What exactly is The Soldier’s Tale? The score says “To be read, played, and danced” and ‘playing’ refers both to acting and to playing music. There are just seven instrumentalists, high and low instruments from each section, thus violin and double bass, clarinet and bassoon, cornet and trombone. There is also percussion to represent the Devil, the violin being the soul of the soldier, for Ramuz’s play retells the Faust legend. So a play with incidental music, except that there is nothing ‘incidental ‘about Stravinsky’s score, which is central to the experience. The Hallé’s presentation was filmed, partly outdoors in Mancunian locations, partly indoors in an acting space without a set, alongside the musicians with whom the actors occasionally interacted. Whatever the genre, this interpretation by co-directors Annabel Arden and Femi Elufowoju Jr was intelligently conceived and brilliantly executed.

Sir Mark Elder conducts The Hallé
© The Hallé

The “dusty track” of the opening couplet was a towpath, one of several evocative watery locations, along which trudged the soldier played by Martins Imhangbe, who was watchable and plausible as the squaddie who can’t smell sulphur when it is right under his nose. His demonic predator was Mark Lockyer, his acting and dancing comic yet menacing, but without any moustache twirling. He also had the versatility to appear in different guises, yet remain the same character. The fine cast was completed by the buttonholing narration of Richard Katz, sometimes apart and chorus-like, sometimes closer to the action.

Martins Imhangbe, Faith Prendergast and Mark Lockyer in The Soldier's Tale
© The Hallé

As the Princess Faith Prendergast danced and acted delightfully, once she had emerged from a double bass case in her pyjamas. Her sequence of Tango-Waltz-Ragtime featured a neat jump cut allowing an instant switch from night attire to night-out attire, cocktail dress and feather boa, very ‘Igor and Coco’. This team played off each other like the travelling troupe intended for the piece in 1918 – but prevented by the flu pandemic.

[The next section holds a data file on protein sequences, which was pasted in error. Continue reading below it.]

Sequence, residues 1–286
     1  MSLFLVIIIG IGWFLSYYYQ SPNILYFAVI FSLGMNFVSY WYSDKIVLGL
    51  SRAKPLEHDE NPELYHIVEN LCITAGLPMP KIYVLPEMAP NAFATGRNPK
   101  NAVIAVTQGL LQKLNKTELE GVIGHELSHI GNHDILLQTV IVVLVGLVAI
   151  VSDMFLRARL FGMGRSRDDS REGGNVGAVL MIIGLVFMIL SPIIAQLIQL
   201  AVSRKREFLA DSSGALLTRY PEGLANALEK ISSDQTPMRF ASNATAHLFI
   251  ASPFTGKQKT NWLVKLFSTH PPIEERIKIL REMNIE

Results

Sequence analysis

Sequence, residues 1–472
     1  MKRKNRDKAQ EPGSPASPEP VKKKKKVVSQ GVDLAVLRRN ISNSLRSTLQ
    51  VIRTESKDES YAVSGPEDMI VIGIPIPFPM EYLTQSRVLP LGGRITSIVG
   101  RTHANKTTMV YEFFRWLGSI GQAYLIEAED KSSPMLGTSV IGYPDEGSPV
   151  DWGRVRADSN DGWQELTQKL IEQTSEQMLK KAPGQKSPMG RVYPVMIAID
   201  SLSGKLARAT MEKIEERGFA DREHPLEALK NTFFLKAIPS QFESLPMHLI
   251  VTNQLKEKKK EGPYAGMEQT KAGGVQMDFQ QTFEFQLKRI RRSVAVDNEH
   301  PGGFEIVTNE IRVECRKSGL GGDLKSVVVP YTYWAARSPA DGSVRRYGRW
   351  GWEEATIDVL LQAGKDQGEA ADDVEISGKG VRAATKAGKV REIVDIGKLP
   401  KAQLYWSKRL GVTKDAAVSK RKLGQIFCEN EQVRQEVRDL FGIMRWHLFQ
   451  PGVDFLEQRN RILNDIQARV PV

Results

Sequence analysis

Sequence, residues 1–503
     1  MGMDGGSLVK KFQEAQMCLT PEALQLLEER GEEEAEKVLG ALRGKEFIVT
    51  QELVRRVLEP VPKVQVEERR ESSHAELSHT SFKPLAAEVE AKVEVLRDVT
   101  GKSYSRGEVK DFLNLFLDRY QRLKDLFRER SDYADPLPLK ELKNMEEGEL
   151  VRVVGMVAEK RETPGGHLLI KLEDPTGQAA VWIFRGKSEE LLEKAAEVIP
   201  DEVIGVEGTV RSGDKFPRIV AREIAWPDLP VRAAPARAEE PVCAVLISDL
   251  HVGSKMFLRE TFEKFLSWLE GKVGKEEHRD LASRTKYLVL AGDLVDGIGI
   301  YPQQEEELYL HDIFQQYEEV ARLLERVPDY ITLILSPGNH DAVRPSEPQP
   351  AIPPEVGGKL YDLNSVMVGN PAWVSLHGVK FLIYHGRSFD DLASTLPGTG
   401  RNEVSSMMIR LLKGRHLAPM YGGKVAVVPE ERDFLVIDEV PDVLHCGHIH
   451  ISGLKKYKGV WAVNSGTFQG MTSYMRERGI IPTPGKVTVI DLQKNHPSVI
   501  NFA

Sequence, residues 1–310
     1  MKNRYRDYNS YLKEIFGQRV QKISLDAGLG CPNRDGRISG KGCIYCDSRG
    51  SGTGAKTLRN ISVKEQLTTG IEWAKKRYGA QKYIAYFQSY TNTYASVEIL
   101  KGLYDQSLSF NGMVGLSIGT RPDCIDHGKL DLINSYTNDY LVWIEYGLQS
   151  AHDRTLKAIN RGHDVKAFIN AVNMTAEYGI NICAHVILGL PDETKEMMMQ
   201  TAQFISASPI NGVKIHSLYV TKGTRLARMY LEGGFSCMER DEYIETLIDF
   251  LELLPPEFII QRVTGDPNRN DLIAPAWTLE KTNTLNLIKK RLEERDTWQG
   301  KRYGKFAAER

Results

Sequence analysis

Sir Mark Elder
© The Hallé

Sir Mark Elder conducted with great feeling for the ‘neo-jazz’ idiom, and the players responded both with the metrical precision required, and the lyrical feeling which pervades the Pastorale of Scene 2, where the clarinet of Sergio Castelló López and bassoon of Emily Hultmark combined sweetly. Peter Liang was excellent both as leader and violin soloist, whether seated or standing to help heal the sick Princess, whose dance weaved her at one point among the musicians. Their only weakness was looking uncomfortable in the party hat crowns they wore for the soldier’s visit to the King. Finally only the percussion is left playing, showing the triumph of Lucifer – who grinned over his shoulder at us from the conductor’s podium, a final coup to show us who was in charge all along. 


This performance was reviewed from The Hallé's video stream

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